Calumet High School claimed first place again, following their victory during last year’s competition! The team was comprised of Emma Aho, Hanna Tuoriniemi, Serenity Snyder, and Gracia Perala. Second place was awarded to Negaunee High School, and Houghton High School took third.
First, second and third place teams were awarded a plaque to display at school and each student on the team was awarded $200 for first place, $100 for second place and $50 for third place. All Bioathlon competitors received a certificate of participation and a t-shirt sporting this year’s competition logo.
Funding is provided by MTU Admissions, the Department of Biological Sciences, the Michigan Tech Fund, and MTU Alumni Mark Cowan, M.D., Robert C. and Kathryn DellAngelo, M.D., Olive Kimball, D.Ed., Ph.D., Nancy Auer, Ph.D., Janice Glime, Ph.D. and Jeffery and Sandra Lewin.
Matthew Songer, (Biological Sciences ’79) and Laura Songer (Biological Sciences ’80) have generously donated funds to the College of Sciences and Arts (CSA) to support a research project competition for undergraduate and graduate students. Remembering their own eagerness to engage in research during their undergraduate years, the Songers established these awards to stimulate and encourage opportunities for original research by current Michigan Tech students. The College is extremely grateful for the Songers’ continuing interest in, and support of, Michigan Tech’s programs in human health and medicine. This is the second year of the competition.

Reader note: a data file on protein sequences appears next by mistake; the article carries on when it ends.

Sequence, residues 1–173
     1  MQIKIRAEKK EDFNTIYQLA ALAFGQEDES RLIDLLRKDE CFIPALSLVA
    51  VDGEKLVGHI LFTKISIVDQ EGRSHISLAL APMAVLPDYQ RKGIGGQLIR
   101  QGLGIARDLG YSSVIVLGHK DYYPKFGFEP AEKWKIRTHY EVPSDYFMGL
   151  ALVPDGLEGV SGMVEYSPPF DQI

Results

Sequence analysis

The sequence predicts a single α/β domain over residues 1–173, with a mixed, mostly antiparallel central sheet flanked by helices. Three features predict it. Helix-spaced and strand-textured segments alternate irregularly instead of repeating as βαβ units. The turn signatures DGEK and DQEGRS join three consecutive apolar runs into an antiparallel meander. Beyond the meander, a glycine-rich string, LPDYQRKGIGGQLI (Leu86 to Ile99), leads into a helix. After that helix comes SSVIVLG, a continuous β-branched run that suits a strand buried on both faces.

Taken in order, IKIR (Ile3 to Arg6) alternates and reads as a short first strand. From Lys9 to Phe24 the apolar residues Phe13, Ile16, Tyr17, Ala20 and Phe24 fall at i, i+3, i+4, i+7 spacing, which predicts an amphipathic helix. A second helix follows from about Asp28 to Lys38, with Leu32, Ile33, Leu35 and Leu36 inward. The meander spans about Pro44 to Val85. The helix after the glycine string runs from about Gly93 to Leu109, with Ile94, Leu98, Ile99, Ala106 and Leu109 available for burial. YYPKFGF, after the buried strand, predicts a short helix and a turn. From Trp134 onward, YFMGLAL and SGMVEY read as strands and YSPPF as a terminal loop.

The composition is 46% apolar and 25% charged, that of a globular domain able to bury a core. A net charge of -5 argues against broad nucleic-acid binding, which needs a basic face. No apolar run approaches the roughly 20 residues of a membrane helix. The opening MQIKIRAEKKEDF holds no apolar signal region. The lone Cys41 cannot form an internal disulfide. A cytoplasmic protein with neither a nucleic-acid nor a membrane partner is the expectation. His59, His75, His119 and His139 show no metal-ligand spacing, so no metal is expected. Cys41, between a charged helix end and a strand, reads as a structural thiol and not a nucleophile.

Students may propose an innovative medically-oriented research project in any area of human health. The best projects will demonstrate the potential to have broad impact on improving human life. This research will be pursued in consultation with faculty members within the College of Sciences and Arts. In the Spring of 2019, the Songer’s gift will support one award for undergraduate research ($4,000) and a second award for graduate research ($6,000). Matching funds from the College may allow two additional awards.
Any Michigan Tech student interested in exploring a medically related question under the guidance of faculty in the College of Sciences and Arts may apply. Students majoring in any degree program in the college, including both traditional (i.e., biological sciences, kinesiology, chemistry) and nontraditional (i.e., physics, psychology, social science, bioethics, computer science, mathematics) programs related to human health may propose research projects connected to human health. Students are encouraged to propose original, stand-alone projects with expected durations of 6 – 12 months. The committee also encourages applications from CSA students who seek to continue research projects initiated through other campus mechanisms, such as the Summer Undergraduate Research Fellowship (SURF) program, Pavlis Honors College activities or the Graduate Research Forum (GRF).